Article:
Blue Heron landscape Design | Inspirations!
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Inspirations!

13 Apr Inspirations!

I am endlessly inspired by a meadow. I think my fascination began as a child in Danvers Massachusetts in the late 1960’s. We lived next to a field of tall grass that provided all that was needed to keep a young boy’s attention, a fallen tree, snakes, hiding places, etc… Another inspiration came from a book we read as children. I can’t recall the title, but remember the story vividly. In it a young boy is searching for the end of the earth. He looks everywhere for it, and eventually finds it in his own backyard, at the end of a meadow.

Meadows have remained magical places to me, and now as an adult I am drawn to them as inspiration for pattern, color, and as example of how plant communities evolve in nature. Meadows are often photographed in late summer and early fall, as that is the time they are most alive and display such great beauty. There is, however, amazing inspiration to be found in a meadow during all four seasons, and I have found myself lately drawn to the early spring meadows that dot the nearby landscapes. Flush with the faded colors of last year’s growth, and ready to burst forth with a new season’s wonder, I am energized by the beauty of this transitional time.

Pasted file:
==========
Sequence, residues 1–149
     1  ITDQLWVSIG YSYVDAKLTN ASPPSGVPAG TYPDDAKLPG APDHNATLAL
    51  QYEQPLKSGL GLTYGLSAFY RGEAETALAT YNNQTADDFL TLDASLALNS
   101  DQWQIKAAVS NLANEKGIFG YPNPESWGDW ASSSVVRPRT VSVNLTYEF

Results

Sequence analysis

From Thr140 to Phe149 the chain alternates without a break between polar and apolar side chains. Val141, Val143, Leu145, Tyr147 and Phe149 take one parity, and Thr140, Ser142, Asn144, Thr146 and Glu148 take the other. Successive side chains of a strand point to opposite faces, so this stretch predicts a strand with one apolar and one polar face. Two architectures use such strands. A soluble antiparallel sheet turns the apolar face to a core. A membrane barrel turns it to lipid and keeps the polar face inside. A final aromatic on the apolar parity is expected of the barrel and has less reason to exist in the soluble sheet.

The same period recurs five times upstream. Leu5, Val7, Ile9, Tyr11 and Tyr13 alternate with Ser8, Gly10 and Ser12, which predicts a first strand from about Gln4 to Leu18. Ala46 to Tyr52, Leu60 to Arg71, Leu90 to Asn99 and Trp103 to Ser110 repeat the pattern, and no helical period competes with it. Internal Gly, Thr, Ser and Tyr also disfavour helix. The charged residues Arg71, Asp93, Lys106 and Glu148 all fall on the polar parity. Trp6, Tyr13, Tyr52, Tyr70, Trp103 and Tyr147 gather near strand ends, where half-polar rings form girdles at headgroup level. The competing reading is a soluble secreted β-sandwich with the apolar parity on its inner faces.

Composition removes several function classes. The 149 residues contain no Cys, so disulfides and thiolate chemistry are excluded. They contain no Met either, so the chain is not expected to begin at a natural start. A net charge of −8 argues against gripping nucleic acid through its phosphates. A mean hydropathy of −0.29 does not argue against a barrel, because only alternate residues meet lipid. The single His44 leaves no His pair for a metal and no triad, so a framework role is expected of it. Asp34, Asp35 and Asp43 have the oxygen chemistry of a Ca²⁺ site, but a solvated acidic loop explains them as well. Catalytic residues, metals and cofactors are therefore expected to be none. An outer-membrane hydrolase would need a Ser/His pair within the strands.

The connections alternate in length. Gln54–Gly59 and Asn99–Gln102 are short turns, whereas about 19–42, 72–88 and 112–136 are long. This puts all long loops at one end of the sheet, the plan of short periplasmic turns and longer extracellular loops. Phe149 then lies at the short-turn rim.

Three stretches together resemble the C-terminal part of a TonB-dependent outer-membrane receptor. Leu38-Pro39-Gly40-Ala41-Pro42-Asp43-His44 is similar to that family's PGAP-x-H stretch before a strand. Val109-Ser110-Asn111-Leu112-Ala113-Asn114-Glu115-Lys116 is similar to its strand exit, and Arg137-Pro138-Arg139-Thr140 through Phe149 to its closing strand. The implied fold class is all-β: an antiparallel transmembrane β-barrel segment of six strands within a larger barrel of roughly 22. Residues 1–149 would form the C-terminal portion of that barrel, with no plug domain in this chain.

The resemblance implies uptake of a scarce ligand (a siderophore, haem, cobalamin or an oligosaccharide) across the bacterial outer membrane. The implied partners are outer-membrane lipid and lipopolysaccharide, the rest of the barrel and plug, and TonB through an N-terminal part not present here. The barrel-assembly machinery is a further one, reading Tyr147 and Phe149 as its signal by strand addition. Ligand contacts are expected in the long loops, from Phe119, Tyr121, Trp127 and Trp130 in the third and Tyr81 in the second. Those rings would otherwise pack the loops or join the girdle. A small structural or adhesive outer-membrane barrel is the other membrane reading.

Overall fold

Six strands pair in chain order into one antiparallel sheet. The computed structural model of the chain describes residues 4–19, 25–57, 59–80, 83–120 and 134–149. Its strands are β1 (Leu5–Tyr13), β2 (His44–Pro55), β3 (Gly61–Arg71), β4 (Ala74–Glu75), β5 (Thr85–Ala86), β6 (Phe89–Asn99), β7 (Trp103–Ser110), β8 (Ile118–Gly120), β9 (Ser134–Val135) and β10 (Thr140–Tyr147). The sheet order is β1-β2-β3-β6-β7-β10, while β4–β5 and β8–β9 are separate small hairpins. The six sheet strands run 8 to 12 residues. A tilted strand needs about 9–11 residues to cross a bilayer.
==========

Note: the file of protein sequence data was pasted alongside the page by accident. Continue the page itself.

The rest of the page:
These photos are from a meadow in Simsbury, Connecticut. Bordering a youth sports field, and at the foot of a ridge, it is a place of natural beauty nestled into american suburbia, and I am anxiously awaiting what it reveals next!

 

3 Comments
  • Gaia gardener
    Posted at 10:25h, 24 April Reply

    It’s a pleasure to find a gardener who is inspired by meadows, speaking as a gardener in the prairie states where grasslands are what we do best!

    • Scott Hokunson
      Posted at 13:01h, 24 April Reply

      The pleasure is all mine! You must have wonderful grasslands to visit.

  • Gaia gardener
    Posted at 13:37h, 24 April Reply

    Too many people, even (especially?) here, see grasslands as nothing but good ground to plant in wheat and other crops. More and more folks, though, are finally beginning to try to restore some vestige of what was here originally.

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